Costume Designer Trish Summerville Earns Third CDG Award Nom
Defining wardrobe changes for the Nick (Ben Affleck) and Amy (Rosemund Pike) as the characters evolve from the 90s through 2005 added to the contemporary design challenges Trish Summerville faced in “Gone Girl”. Photo credit: Twentieth Century Fox Film Corporation
By: Marjorie Galas
Costume designer Trish Summerville enjoys collaborating with smart, creative people. On such person is director David Fincher, who she reteamed with for this year’s critically acclaimed “Gone Girl.” She enjoys working with Fincher so much; she can barely contain herself when the director walks on set.
“It makes me so happy when I see him, I just want to body slam him,” joked Summerville.
They make a winning team. Her first CDG Award nomination and win came in 2012 for contemporary costume designs in Fincher’s “The Girl with the Dragon Tattoo.” Her contemporary costume designs in “Gone Girl” have resulted in her third CDG Award nomination (Summerville won 2014’s sci-fi/fantasy award for “The Hunger Games: Catching Fire.”)
Summerville has worked with Fincher on commercials including Nike, Apple and The Gap. While Fincher maps out clear directions for department heads on any project, he trusts the creative vision of frequent collaborators. Although Fincher had a distinct vision for “Gone Girl” lead Amy Dunne (Oscar nominated Rosamund Pike) Fincher relied on Summerville’s research and design knowledge to flesh out the character’s arcs throughout the film.
“He’s very smart; he has it all played out in his head from the beginning. He’s extremely well prepared and it helps us,” said Summerville. “He knows what he wants, but he also gives a lot of creative freedom.”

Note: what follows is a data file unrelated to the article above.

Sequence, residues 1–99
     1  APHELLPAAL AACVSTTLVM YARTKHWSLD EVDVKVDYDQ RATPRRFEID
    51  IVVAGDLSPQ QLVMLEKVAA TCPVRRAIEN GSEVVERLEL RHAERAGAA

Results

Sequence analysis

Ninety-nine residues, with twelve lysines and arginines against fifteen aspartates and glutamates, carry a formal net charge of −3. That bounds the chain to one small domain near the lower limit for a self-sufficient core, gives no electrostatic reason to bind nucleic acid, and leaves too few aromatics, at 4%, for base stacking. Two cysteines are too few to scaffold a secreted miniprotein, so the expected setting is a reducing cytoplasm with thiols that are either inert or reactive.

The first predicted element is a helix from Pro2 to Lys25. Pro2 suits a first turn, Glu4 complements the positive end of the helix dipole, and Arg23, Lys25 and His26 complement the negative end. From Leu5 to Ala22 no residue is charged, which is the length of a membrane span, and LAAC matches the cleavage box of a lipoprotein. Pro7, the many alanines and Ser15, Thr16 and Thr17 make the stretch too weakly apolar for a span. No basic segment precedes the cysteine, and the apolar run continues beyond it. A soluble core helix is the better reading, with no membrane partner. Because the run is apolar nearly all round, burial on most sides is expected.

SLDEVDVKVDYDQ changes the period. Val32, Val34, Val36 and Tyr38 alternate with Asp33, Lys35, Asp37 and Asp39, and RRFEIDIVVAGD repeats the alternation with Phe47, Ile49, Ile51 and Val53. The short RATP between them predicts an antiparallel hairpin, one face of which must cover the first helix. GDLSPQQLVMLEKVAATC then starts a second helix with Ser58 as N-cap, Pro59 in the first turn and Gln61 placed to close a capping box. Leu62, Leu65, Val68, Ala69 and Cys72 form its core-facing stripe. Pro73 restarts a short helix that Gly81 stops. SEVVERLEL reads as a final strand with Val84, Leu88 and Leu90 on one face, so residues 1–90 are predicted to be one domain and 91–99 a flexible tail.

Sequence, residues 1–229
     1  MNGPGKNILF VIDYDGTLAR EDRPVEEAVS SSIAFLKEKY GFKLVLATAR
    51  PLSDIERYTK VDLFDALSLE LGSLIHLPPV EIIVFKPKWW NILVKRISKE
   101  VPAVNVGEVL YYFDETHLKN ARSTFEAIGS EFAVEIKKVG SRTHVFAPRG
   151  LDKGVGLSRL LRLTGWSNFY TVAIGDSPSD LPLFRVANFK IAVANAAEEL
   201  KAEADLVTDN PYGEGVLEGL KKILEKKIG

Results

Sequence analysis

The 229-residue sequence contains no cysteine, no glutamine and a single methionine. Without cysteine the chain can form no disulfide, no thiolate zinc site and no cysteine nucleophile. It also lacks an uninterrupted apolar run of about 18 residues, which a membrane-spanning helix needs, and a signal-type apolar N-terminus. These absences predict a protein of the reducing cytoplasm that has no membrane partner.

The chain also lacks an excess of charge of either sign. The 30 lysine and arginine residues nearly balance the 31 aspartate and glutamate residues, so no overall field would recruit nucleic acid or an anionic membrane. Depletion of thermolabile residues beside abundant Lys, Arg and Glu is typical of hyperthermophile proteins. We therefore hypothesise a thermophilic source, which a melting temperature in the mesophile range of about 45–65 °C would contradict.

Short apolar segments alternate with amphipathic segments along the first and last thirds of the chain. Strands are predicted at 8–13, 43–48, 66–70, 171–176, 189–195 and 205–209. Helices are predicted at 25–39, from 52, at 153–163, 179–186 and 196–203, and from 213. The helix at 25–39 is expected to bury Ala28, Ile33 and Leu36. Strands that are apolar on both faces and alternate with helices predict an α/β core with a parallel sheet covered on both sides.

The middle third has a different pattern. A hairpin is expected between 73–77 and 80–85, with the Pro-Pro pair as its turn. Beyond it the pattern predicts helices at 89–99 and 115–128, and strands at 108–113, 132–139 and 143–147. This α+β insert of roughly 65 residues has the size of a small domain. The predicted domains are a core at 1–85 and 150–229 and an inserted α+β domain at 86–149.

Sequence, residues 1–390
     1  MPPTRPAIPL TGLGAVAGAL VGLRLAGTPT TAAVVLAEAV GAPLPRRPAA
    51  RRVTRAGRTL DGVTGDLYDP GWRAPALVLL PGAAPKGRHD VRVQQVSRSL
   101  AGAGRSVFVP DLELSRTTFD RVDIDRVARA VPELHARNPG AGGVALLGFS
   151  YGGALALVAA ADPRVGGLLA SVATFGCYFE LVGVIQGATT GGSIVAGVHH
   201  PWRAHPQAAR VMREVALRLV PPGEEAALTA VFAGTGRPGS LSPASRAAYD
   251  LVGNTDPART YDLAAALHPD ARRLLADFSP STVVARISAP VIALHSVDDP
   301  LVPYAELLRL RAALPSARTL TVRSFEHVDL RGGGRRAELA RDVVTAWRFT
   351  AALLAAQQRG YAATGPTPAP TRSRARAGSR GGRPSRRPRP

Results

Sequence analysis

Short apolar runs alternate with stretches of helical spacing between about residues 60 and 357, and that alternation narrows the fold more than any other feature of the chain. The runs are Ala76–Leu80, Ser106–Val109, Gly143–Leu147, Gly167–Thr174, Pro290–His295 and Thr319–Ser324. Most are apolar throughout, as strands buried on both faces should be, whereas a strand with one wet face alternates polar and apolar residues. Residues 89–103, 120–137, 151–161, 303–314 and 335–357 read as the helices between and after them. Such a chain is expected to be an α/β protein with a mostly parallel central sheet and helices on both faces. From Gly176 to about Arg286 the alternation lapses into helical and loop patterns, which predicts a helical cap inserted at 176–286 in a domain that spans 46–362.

Amy Dunne is chameleon, constantly reinventing herself to accommodate the perspective of the people she manipulates. Summerville had to subtly redefine the character’s style to reflect these reinventions including the classic style she wears when she first meets Nick Dunne (Ben Affleck), her married lifestyle in Missouri, her trailer park existence, and her reconnection to Desi Collings (Neil Patrick Harris). Complicating these transformations was the need for slight period pieces.
“Doing slight period is tricky. It’s a very subtle change, going from the 90s to the around 2005,” said Summerville.
The period shift occurs primarily in the background characters. Being an upper class New Yorker, Amy Dunne wears classic cuts and styles through her early courtship with Nick. To ground the character her early incarnations, Summerville incorporated signature pieces, such as a gold “A” pendent that is removed once Amy hits the road. During the couple’s move to Missouri, Summerville placed the character in looser outfits with “sloppy” fits to highlight the disintegrating marriage.
Amy Dunne also goes through weight fluctuations in the film. To reinforce her character’s transformation during the trailer park scene, Rosamund Pike gained roughly twelve pounds. Summerville enhanced the weight gain by placing Pike in bulky fabrics, as well as adding padding to the actress.
“We added padding to her thighs to help her transform her walk, as well as padding under her bra to change her posture,” said Summerville.
In addition to defining a constantly self-reinventing character and addressing an unraveling, decade-long relationship, Summerville was also incorporating muted palettes in low-light environments. Working closely with Fincher’s staple DP Jeff Cronenweth, early camera test helped Summerville select fabrics and colors that withstood the moody lighting.
“One of the first questions I always ask is what kind of camera we are using,” said Summerville. “Jeff is so knowledgeable and so patient. He takes the time to talk with you about the equipment. He’s extremely well prepared and is the most humble, egoless person you’ll ever meet.”
While Summerville enjoys the fun of designing period costumes where dedicated research aids the process as well as science fiction and fantasy films where she can let her imagination run while, she enjoys the unique challenge contemporary costumes present a designer. Every viewer brings to a project their own viewpoint and style, and their own vision of what a character should be wearing. She’s incredibly humbled by her contemporary costume design nomination for “Gone Girl”, noting it is a particular honor to be nominated by her peers.
“It’s so nice when you are recognized by your peers. They know the amount of work that has been devoted to even the simplest of costumes, and they look at what it took to get there. It’s very exciting and fortifying,” said Summerville.
To learn more about the Costume Designers Guild Awards, please visit: